Spectrum-X: It's Bigger Than Software

There's been a lot of confusion around Spectrum-X, some of which NVIDIA seems to have created intentionally. The company's branding is part of the issue, as it seems to conflate Spectrum-X with the Spectrum line of Ethernet switch chips. In fact, Spectrum-X is simply a software license that enables new features across a set of existing hardware products.

The reality that Spectrum-X is a set of software, however, devalues what NVIDIA has actually delivered. Working on top of the company's end-to-end Ethernet hardware, the software creates the first merchant congestion-managed Ethernet fabric. Minimizing tail latency is critical to AI-training workloads, as detailed in our recent white paper. We use the merchant qualifier because some hyperscalers have developed their own congestion-management schemes that work with standard Ethernet-switch hardware. One example is Amazon, which developed the scalable reliable datagram (SDP) protocol for use with its internally-developed Nitro smart-NIC along with merchant switch silicon.

Spectrum-X (Source: NVIDIA)

Spectrum-X comprises software for BlueField-3 DPUs, residing in servers, and Ethernet switches based on Spectrum-4. The Spectrum-X announcement included the news that the Spectrum-4 51.2Tbps switch chip is now in production and available in new SN5000 Series switch systems. That follows BlueField-3 production availability, which NVIDIA revealed at GTC in March. At its core, Spectrum-X implements ROCEv2 adaptive routing and congestion management to create a lossless Ethernet fabric with predictable and bounded latency. As is the case with Amazon's SDP, adaptive routing enables optimal path selection on a per-packet basis, also known as packet spraying. This can result in out-of-order packets at the destination, which the DPU in the endpoint must handle. On the transmit side, the DPU can also limit the packet-injection rate in response to congestion notifications. Spectrum-4 provides realtime telemetry data (branded NetQ), such as queue depths.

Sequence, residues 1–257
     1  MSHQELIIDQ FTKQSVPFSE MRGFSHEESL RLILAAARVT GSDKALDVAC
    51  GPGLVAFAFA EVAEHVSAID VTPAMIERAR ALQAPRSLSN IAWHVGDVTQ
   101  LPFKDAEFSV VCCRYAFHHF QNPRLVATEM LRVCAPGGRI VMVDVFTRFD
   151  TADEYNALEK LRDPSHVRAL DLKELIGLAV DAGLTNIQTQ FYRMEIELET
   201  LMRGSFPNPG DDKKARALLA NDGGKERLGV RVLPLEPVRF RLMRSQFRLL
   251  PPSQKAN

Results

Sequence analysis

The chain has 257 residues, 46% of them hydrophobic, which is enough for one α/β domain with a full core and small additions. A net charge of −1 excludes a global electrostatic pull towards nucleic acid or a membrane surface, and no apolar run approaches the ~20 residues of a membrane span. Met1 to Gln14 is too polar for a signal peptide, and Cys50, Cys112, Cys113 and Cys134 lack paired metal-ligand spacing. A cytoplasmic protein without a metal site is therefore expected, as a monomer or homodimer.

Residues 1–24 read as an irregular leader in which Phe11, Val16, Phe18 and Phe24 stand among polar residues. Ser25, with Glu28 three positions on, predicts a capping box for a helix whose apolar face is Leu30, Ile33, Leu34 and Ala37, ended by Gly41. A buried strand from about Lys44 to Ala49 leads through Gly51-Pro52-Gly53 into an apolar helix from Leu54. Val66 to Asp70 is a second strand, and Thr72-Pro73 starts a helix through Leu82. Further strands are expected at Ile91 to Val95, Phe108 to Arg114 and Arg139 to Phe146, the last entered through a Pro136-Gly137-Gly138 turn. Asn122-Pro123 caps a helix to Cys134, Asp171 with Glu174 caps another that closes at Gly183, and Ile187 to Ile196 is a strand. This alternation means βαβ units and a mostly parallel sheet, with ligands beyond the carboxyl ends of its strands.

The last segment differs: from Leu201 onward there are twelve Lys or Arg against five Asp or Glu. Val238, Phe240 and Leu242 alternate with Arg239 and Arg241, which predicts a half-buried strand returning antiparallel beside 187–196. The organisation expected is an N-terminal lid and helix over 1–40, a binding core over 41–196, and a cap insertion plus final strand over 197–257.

NVIDIA's full-stack solution provides an Ethernet-based alternative to InfiniBand for AI training. The company positions Spectrum-X for multitenant clouds where AI isn't the only workload, whereas InfiniBand provides ultimate scaling for "AI factories." In other words, you won't be using Spectrum-X to train the next ChatGPT, which is the domain of the DGX GH200. Spectrum-X is also NVIDIA's answer to Ethernet scheduled fabrics available from Broadcom and Cisco. In Cisco's parlance, Spectrum-X is a telemetry-assisted Ethernet solution, which also describes Amazon's implementation. Fully-scheduled fabrics instead handle congestion management in the fabric and present standard Ethernet ports at ingress/egress. This approach enables servers to use standard NICs, such as NVIDIA's ConnectX-7, rather than smart-NICs (or DPUs). Although the scheduled fabric is vendor-specific (or proprietary), it decouples the switch fabric from the NIC.

We might think Spectrum-X is simply a defensive response to Ethernet competitors, aimed at protecting NVIDIA's sizable InfiniBand business. But the company is building what it says will be Israel's most powerful supercomputer, dubbed Israel-1, around the Spectrum-X fabric. Hyperscalers including Amazon and Meta are already using Ethernet fabrics in AI systems, but Spectrum-X will serve the next tier of cloud providers. In the race to build AI infrastructure, there's no one-size-fits-all network architecture, meaning neither NVIDIA's InfiniBand nor Broadcom's Tomahawk will be the dominant solution.

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